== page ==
Especially for Creative Writers

Creative writing at UMW

Writers at UMW have many opportunities to work on their craft. Courses in creative writing include Introduction to Creative Writing, Poetry, Fiction, Creative Nonfiction, Memoir Writing, Creative Writing seminars, and special topics writing courses. Students can also work on publications like Aubade and Polemic. English majors can choose to enroll in the creative writing concentration, thus establishing a solid background in both literature and writing that will serve them well after graduation.

Graduate Work in Creative Writing

Very few creative writers make a living by writing or by teaching creative writing. Before going on to graduate work in the field, ask yourself why you want to earn an MFA (Master’s of Fine Arts). Are you hoping to get rich or become a famous writer or get a job teaching creative writing? The odds are against you, and an MFA won’t magically make it happen. But an MFA program can give you the time and space in which to write intensively for a few years, and provide you with a community of fellow writers who will push you to do your best work. You should be pursuing an MFA because you want to be a better writer. Anything else is gravy.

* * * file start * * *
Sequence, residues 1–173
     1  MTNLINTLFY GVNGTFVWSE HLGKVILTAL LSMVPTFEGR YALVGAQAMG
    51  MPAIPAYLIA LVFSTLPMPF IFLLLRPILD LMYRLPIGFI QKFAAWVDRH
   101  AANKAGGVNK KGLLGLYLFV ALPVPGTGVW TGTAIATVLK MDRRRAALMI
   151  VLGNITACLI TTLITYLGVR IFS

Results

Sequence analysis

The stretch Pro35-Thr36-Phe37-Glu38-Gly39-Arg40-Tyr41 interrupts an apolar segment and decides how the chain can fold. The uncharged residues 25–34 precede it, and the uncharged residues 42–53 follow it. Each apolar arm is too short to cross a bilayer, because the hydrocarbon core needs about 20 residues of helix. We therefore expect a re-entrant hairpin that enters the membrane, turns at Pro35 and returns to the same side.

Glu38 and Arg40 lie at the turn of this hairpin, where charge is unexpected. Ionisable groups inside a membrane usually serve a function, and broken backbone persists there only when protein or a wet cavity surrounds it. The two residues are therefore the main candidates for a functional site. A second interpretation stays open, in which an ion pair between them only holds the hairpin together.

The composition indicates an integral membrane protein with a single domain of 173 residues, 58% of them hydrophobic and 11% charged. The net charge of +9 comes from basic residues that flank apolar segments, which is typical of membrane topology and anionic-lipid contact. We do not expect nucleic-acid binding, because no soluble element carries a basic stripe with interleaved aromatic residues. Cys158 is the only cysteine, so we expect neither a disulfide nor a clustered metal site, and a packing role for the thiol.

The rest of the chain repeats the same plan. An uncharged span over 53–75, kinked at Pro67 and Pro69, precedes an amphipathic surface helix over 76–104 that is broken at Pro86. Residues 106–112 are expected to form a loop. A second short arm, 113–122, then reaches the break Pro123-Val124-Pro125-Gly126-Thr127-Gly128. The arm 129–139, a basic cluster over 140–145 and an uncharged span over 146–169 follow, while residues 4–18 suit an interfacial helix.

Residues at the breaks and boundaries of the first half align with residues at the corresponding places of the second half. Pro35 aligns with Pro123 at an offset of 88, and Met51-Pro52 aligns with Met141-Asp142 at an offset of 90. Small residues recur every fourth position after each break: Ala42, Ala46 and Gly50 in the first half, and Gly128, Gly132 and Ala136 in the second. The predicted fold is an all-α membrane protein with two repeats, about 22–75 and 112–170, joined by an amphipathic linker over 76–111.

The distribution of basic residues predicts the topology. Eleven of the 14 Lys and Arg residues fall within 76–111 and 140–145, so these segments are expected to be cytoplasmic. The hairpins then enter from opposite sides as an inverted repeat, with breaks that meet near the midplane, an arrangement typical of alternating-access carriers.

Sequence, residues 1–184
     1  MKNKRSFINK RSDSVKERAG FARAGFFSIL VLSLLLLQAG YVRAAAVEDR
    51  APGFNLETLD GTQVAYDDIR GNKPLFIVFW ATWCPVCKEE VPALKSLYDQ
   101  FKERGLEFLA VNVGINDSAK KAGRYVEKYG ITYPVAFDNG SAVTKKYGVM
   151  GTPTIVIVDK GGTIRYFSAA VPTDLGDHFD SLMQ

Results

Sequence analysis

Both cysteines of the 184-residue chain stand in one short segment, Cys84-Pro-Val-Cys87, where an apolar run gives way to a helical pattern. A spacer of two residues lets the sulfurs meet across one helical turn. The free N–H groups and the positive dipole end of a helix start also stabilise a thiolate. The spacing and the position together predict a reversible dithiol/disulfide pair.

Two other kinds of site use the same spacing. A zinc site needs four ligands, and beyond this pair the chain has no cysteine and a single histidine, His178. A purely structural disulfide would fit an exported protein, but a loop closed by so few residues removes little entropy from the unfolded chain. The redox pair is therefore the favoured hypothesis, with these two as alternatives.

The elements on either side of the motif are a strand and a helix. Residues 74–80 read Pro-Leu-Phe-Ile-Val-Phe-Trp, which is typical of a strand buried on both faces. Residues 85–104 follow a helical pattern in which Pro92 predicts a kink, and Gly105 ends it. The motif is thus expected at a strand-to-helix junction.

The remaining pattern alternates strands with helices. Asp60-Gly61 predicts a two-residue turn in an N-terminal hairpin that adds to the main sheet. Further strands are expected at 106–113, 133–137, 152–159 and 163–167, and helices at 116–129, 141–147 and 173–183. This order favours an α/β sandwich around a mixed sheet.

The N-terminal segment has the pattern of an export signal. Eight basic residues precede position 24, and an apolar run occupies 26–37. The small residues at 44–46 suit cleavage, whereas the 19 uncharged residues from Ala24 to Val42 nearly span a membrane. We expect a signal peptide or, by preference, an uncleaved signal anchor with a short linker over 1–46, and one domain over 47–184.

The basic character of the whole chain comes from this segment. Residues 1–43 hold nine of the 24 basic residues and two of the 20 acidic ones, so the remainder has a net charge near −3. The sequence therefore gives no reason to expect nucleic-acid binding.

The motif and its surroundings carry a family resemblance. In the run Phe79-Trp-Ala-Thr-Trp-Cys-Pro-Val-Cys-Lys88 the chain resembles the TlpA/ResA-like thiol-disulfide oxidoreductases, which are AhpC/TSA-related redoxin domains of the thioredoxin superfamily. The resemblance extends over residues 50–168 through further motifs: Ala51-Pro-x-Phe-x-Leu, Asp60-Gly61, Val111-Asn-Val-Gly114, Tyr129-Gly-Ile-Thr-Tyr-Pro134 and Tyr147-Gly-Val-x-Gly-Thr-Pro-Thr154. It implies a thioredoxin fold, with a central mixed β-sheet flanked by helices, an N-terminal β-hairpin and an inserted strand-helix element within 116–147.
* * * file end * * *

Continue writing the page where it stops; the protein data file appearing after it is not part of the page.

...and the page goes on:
All creative writing programs require writing samples; for some schools these outweigh other criteria such as GRE scores and your GPA. Save your best work from the creative writing classes you have taken so that you can use them when you apply.

Employment for creative writers

Some creative writers teach high school English. Some teach on the university level, but it’s important to know that unless you have at least one book published, getting a full-time, permanent (tenure-track) college teaching job is nearly impossible. Some writers teach part-time, teaching an occasional class here and there, although such “piecework” seldom pays enough to live on.

Most creative writers do what everyone else does: find a job that pays the bills, but make sure to find one that leave you time to write. You can find a job entirely unrelated to writing if you want to save that part of your energy for your creative work, or you can find a job that involves professional writing. Remember: hospital newsletters need editors and writers, airline magazines need editors and writers, corporations have newsletters and reports and internal documents that have to be written . . . you get the picture. Free-lancing is another possibility, but it takes time to build up enough business on which to live.

Not everyone is going to write the Great American Novel or take home a Pulitzer in poetry. Even if you do, almost no one is going to pay you to be a creative writer. But you can still create a life in which you write regularly and well, get published, and get recognized for your writing.

Useful Resources for Creative Writers

Posted on the bulletin board on the first floor of Combs is a useful article about choosing the right MFA program (Sandra Hurtes, “How to Choose a Writing Program,” Poets and Writers Magazine 32.6 [2004].) Other potential resources include The Creative Writing M.F.A. Handbook and The Poets & Writers Guide to MFA Programs. Poets & Writers has a helpful web site as well.